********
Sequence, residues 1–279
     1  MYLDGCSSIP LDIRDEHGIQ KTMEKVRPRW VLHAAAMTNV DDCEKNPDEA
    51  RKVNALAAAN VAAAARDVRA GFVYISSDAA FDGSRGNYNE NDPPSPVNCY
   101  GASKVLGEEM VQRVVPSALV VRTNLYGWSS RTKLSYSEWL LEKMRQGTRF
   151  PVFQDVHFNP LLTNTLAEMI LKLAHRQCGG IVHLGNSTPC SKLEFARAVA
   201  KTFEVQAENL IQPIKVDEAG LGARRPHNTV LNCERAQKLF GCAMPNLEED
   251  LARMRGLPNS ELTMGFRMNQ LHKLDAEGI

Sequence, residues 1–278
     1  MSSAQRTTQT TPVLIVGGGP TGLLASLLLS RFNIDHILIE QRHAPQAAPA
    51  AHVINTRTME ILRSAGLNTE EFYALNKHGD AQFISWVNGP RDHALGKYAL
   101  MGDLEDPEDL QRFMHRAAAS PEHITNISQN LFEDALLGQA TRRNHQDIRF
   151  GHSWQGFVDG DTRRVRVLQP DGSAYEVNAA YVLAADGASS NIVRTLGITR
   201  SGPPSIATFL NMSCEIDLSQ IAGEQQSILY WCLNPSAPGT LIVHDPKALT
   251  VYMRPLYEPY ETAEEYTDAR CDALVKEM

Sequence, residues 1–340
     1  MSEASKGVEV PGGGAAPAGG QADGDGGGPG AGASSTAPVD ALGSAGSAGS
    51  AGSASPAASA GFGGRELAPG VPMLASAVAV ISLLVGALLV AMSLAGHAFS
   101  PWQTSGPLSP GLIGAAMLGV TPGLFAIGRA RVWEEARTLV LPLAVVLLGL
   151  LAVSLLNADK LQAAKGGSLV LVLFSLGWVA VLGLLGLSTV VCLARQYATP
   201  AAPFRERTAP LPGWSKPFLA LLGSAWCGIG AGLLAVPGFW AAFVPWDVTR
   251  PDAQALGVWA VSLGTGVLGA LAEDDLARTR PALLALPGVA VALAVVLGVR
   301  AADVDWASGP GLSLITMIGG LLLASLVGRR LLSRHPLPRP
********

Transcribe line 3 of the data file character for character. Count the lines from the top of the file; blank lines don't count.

    51  RKVNALAAAN VAAAARDVRA GFVYISSDAA FDGSRGNYNE NDPPSPVNCY